New ‘Aliens’ game proves weak, impractical version of films
Published: Tuesday, February 19, 2013
Updated: Tuesday, February 19, 2013 01:02
You’re walking through a dark claustrophobic hallway with your gun raised and the only sound you can hear is the beeping from your motion tracker. Second by second you see the tiny blips get closer and closer yet you can’t see anything within your immediate surroundings. Suddenly, a hiss sounds above you and all you can do is look up before the xenomorph pounces on top of you and a frantic battle for survival initiates.
Congratulations, you have just experienced the only good part of the entire game and you are not even 20 minutes into the campaign.
Now that I have completely crushed your expectations for “Aliens: Colonial Marines”, let me confirm my point by saying that this game is just awful.
The single player campaign places you within the shoes of Christopher Winter, a marine whose crew has been sent in to investigate a distress call from the U.S.S Sulaco. Set after the second film, Aliens, the game tries to incorporate a balance between remaining faithful to the movie franchise and branching off into its own original story.
It does not succeed.
Looking past graphics that not even early generation PlayStation 2 and Xbox games would boast about and painful voice acting, the first chapter of the game seemed promising. It really played upon that fear of not knowing where the aliens would pop out from that fans of the movies loved so much. To only rely on your motion tracker and your own two eyes really set the groundwork for some terrifying moments.
However, this nostalgia only lasts for about twenty minutes before the developers completely throw out the one good thing going for their game, and instead turn it into a constant barrage of seemingly endless hoards of aliens.
While this non-stop fear factor may seem like positive, it really only succeeds in being incredibly annoying. The guns you are offered throughout the game, even after upgrading, are just about useless as recoil. Weak damage will have you wasting full clips of ammo for just a few aliens. Additionally, you are constantly berated by groups of aliens in the dozens about every five minutes, and you’ll find yourself praying to just get through the campaign as quickly as possible.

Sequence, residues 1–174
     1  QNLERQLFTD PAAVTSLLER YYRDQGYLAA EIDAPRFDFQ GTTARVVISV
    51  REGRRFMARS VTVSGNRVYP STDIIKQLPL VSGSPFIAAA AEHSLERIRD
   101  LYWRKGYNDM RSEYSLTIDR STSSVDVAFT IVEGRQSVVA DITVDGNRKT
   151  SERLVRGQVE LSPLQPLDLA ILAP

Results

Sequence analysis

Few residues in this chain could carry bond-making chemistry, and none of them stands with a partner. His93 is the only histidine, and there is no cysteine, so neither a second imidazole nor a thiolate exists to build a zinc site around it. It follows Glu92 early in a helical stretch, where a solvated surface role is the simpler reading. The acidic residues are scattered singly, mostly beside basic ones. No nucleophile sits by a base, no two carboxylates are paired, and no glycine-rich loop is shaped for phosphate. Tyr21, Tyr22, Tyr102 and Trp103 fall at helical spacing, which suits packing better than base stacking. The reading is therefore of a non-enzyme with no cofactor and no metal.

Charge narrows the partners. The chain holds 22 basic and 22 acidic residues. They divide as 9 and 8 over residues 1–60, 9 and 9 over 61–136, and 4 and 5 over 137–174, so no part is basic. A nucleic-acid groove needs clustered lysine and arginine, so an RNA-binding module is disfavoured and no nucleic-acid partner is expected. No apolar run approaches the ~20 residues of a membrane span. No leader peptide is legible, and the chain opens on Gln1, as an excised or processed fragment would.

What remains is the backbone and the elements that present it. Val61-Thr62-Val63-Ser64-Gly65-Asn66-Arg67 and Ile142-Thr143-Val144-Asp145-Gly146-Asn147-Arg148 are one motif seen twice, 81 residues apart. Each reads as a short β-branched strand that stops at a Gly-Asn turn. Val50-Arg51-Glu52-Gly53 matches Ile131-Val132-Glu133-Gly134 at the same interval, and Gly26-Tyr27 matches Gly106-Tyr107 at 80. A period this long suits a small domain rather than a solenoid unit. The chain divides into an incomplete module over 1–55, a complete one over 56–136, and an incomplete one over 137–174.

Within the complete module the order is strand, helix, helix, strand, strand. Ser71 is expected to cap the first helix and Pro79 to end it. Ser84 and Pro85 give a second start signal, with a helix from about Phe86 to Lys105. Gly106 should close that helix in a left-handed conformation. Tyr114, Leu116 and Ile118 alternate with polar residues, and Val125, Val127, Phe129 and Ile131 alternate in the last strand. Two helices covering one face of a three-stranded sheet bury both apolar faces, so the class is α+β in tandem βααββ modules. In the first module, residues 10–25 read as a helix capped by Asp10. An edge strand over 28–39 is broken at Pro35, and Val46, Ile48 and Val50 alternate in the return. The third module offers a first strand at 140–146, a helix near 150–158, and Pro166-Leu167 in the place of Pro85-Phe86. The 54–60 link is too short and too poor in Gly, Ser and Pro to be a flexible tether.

If the developers were going to make this game a constant hoard mode, they could at least provide an in-game team that was actually helpful. You’re fellow marines will constantly shoot at anything in front of them, yet whenever you are getting overrun, they completely ignore your pain and suffering.
Other times, your teammates will completely vanish without a trace in the middle of the largest firefights only to magically reappear at the end, boasting their kill count when you know damn well they did not help at all.
What made the movies so successful was that constant feeling of being watched and never knowing where the next danger would show up.
This is what this game should have been like, instead of constantly throwing alien after alien at the player every few minutes, leaving them second guessing in their paranoia as they navigate through the game.
After enduring the five hour campaign (yes five hours), I found myself absolutely ecstatic once the credits began to role because I was done and would never have to play this game again. Despite the disappointment of single-player mode, the multi-player mode makes the game a bit more bearable.
There are four different modes to choose from:
Team death match –One team plays as marines while the other plays as aliens. Each team’s goal is to kill each other to earn points.
Extermination – Marines are tasked with certain objectives such as destroying all of the Alien’s eggs, while the Aliens’ main concern is to eradicate every human being.
Escape – In Left 4 Dead fashion, marines try to escape different nightmarish scenarios while the Aliens work to make that task as difficult as possible.
Survivor – A group of marines try to survive as long as possible while the Aliens work to kill them. Aliens have infinite revives while marines must do what they can in the one life provided to them.
The multiplayer modes within “Aliens: Colonial Marines” just might be the one redeeming factor of the game. Whether its one of the aforementioned modes, or playing through the campaign cooperatively, you can at least look forward to some laughs when playing with your friends.
Is multiplayer alone enough to shell out the 60 bucks for the game? Absolutely not. If you have already bought the game, try to get some enjoyment out of it before trading it in at the nearest GameStop.
We give this game 2 out of 5 paws.